Amazon founder Jeff Bezos is widely respected for a number of qualities. Patiently building a company with a juggernaut of a flywheel. Turning an internal initiative into Amazon Web Services, a subsidiary that does over $17.4 billion in revenue. Knowing how to hire the right people. Making smart expansion decisions.
In short, for being incredibly smart.
But, as Bezos learned on a road trip with his grandparents when he was 10 years old, intelligence alone won't make you successful.
Here's the story Bezos told Princeton graduates:
"My grandfather was driving. And my grandmother had the passenger seat. She smoked throughout these trips, and I hated the smell.
"At that age, I'd take any excuse to make estimates and do minor arithmetic. I decided to do the math for my grandmother. I estimated the number of cigarettes per days, estimated the number of puffs per cigarette and so on. When I was satisfied that I'd come up with a reasonable number, I poked my head into the front of the car, tapped my grandmother on the shoulder, and proudly proclaimed, "At two minutes per puff, you've taken nine years off your life!"
"I have a vivid memory of what happened, and it was not what I expected. I expected to be applauded for my cleverness and arithmetic skills. Instead, my grandmother burst into tears. I sat in the backseat and did not know what to do. While my grandmother sat crying, my grandfather, who had been driving in silence, pulled over onto the shoulder of the highway. He got out of the car and came around and opened my door and waited for me to follow.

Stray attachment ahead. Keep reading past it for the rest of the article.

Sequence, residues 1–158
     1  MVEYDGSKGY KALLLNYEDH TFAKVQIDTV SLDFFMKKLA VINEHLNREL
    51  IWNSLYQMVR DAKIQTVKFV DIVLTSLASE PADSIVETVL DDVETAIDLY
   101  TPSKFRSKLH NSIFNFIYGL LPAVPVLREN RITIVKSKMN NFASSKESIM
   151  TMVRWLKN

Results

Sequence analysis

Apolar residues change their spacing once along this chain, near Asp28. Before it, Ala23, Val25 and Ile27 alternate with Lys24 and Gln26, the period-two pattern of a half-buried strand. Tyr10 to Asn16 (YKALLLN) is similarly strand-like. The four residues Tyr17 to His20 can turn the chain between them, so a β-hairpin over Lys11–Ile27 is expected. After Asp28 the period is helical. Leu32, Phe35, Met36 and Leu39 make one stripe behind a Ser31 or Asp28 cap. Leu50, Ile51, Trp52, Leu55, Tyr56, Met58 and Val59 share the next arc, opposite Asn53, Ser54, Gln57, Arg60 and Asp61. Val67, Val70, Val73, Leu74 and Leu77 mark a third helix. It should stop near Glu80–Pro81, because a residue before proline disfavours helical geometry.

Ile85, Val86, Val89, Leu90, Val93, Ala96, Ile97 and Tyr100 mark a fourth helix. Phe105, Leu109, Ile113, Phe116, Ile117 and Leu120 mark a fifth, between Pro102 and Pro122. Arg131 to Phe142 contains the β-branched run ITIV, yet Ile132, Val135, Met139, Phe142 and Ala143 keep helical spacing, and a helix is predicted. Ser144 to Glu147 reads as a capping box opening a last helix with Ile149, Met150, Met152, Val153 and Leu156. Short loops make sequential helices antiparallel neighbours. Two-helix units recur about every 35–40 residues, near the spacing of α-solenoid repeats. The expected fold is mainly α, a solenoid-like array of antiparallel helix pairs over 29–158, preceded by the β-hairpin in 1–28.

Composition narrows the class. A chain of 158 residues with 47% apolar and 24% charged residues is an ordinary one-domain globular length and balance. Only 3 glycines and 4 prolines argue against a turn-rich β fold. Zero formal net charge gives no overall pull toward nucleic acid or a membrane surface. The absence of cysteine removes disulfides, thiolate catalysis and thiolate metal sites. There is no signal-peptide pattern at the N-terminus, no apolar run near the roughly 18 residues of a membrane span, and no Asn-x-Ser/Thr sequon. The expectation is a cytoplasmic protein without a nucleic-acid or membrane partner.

"My grandfather looked at me, and after a bit of silence, he gently and calmly said, 'Jeff, one day you'll understand that it's harder to be kind than clever.'
Think about bosses you respected. Think about leaders you admire. Think about people you like to be around.
They're probably smart. They're probably accomplished.
But that's not why you like to be around them -- and would like to be more like them.
What truly sets them apart?
They're kind. Even when being kind is hard.
As Bezos said, "Cleverness is a gift, kindness is a choice." You can work to be intelligent, but you can't choose to be intelligent.
You can choose to include rather than exclude. You can choose to build people up rather than tear them down. You can give before you receive, knowing you may never receive. You can shift the spotlight to other people. You can listen more than you talk.
You can choose to do something nice -- not because you're expected to, but simply because you can.
No matter how smart you are, you can always choose to be kind.